Guaido, a Venezuelan opposition figure, expelled from Colombia, denounces ‘persecution’

Venezuelan opposition leader Juan Guaidó has claimed that he was expelled from Colombia after he crossed the border from Venezuela to meet with some participants at an international conference on 25 April to discuss the political crisis in his country.

In a video posted on Twitter, Guaidó said he entered Colombia to escape persecution by the Venezuelan government, but now felt persecuted in Colombia by President Nicolás Maduro.

Colombia’s Foreign Ministry stated that Guaidó was “irregularly” in the country, so immigration authorities escorted him to the international airport to take a plane bound for the US.

In the video, Guaidó said he was on a commercial flight to the US and that he would say more on 28 April.

Venezuelan opposition leader Juan Guaidó has left Colombia and is en route to the United States, according to a video he posted on Twitter. Guaidó had been in Colombia for several days, seeking refuge from the Venezuelan government, which he said was persecuting him.

However, in the video posted on Sunday, Guaidó stated that he now felt persecuted in Colombia by the government of President Nicolás Maduro. He did not give details about what had happened in Colombia, but said he was leaving the country on a commercial flight to the US.

The Colombian Foreign Ministry later issued a statement saying that Guaidó had entered the country “irregularly” and that immigration authorities had escorted him to the international airport in order to take a flight to the US.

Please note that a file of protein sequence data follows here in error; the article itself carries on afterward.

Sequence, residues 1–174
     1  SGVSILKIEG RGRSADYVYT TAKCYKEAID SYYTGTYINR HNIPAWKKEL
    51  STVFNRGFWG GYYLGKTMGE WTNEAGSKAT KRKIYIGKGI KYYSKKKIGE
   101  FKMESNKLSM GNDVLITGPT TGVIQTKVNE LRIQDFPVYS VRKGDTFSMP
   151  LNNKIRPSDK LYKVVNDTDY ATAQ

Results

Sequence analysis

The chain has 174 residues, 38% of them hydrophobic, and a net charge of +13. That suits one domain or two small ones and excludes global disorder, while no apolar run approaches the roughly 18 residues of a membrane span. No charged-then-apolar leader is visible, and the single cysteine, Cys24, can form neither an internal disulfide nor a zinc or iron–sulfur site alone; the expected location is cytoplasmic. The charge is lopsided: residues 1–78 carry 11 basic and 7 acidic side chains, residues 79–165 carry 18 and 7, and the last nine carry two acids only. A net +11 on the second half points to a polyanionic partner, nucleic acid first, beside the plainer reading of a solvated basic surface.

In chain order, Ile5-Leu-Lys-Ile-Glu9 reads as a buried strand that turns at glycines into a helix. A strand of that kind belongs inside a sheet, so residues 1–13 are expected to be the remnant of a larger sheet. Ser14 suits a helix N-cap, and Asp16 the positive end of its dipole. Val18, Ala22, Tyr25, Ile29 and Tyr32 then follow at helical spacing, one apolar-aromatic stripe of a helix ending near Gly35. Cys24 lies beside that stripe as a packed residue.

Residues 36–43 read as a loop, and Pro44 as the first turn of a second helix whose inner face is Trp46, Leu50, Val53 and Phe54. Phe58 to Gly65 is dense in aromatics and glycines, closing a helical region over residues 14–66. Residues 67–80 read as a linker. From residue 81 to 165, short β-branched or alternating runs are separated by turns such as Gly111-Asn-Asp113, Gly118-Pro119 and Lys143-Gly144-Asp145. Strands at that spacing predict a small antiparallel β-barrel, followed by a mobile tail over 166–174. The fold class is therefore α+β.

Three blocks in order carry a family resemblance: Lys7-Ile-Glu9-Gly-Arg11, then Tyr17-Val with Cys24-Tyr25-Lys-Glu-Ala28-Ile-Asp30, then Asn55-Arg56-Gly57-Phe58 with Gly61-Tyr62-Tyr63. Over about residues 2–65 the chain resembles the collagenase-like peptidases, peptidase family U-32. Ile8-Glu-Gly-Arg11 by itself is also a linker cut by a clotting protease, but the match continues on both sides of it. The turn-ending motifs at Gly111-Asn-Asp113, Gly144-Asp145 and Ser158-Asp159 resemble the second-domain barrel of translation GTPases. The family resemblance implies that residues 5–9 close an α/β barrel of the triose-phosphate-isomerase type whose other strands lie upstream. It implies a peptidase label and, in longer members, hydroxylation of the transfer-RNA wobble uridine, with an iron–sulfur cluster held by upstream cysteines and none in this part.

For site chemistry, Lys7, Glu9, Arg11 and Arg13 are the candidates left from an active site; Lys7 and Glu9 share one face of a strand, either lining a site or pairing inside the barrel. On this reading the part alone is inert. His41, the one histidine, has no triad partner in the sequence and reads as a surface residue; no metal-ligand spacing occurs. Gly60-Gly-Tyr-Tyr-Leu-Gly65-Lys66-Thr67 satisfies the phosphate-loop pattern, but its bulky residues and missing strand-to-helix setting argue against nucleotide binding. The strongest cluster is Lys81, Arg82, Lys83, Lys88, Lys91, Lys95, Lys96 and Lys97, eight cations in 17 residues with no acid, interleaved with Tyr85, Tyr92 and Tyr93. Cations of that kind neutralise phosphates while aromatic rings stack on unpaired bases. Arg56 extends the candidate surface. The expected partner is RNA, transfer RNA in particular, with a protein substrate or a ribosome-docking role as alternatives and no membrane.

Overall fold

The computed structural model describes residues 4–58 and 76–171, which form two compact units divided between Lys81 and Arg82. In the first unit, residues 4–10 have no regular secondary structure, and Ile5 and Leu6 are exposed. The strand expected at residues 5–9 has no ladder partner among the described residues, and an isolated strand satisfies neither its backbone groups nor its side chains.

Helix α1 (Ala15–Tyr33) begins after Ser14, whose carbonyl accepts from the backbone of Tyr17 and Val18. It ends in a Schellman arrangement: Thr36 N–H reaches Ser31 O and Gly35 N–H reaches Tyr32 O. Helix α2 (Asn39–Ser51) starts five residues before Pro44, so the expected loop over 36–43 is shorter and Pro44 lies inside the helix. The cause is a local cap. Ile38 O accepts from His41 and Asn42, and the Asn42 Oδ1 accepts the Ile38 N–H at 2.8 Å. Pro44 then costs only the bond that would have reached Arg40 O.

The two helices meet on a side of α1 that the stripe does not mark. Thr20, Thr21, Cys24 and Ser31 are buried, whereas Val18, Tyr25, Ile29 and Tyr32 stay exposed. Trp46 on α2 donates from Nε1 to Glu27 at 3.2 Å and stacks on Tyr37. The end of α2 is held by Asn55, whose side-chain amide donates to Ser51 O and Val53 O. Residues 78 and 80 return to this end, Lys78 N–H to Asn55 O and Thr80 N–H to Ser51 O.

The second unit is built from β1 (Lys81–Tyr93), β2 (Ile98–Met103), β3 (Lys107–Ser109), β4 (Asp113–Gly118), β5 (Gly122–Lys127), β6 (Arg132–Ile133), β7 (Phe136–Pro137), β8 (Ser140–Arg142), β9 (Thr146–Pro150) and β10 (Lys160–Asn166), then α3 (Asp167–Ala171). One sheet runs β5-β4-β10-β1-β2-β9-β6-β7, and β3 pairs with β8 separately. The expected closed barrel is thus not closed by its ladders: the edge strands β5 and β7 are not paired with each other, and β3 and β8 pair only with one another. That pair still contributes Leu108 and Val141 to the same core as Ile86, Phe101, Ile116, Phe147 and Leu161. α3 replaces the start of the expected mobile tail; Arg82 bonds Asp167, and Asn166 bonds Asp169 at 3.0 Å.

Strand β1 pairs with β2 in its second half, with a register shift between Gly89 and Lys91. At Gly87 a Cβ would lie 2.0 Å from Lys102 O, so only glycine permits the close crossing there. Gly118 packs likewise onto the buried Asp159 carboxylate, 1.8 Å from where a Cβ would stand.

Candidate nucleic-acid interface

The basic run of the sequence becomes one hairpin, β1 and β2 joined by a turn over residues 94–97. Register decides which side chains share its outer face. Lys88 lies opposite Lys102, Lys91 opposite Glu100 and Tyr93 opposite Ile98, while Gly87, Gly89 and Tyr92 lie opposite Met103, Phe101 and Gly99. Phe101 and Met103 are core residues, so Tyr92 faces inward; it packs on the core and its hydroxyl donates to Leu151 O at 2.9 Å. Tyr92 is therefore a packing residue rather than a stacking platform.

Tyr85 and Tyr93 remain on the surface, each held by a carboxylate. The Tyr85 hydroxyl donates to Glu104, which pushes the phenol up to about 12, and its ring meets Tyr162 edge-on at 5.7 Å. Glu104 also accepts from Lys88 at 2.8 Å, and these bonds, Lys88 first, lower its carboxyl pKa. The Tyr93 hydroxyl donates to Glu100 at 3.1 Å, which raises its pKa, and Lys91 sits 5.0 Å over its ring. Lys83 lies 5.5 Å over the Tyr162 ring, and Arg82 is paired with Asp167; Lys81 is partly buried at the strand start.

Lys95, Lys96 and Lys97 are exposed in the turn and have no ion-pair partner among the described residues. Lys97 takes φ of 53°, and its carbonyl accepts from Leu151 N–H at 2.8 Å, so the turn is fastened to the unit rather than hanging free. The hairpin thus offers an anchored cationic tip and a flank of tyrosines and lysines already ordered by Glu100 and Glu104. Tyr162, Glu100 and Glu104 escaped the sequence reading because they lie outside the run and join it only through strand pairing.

Guaidó, who is recognised as the legitimate interim president of Venezuela by more than 50 countries, has been leading a campaign to remove Maduro from power. He has been travelling around Latin America in recent weeks, meeting with leaders and seeking support for his cause.

Maduro, who has been in power since 2013, has accused Guaidó of being a puppet of the US and has refused to step down. Venezuela is in the midst of a severe economic and humanitarian crisis, with millions of people facing food and medicine shortages and skyrocketing inflation.

Guaidó’s departure from Colombia comes just days after a failed attempt to launch a military uprising against Maduro in Venezuela. Guaidó had called on the military to defect and join him in the streets, but the armed forces largely remained loyal to Maduro.

The US has been a strong supporter of Guaidó and has imposed economic sanctions on Venezuela in an attempt to pressure Maduro to step down. However, Maduro has remained defiant and has accused the US of trying to stage a coup against him.

Guaidó did not say where he would be going in the US or what his plans were. He stated that he would have more to say on 28 April. It remains to be seen what impact his departure will have on the situation in Venezuela and on his campaign to remove Maduro from power.

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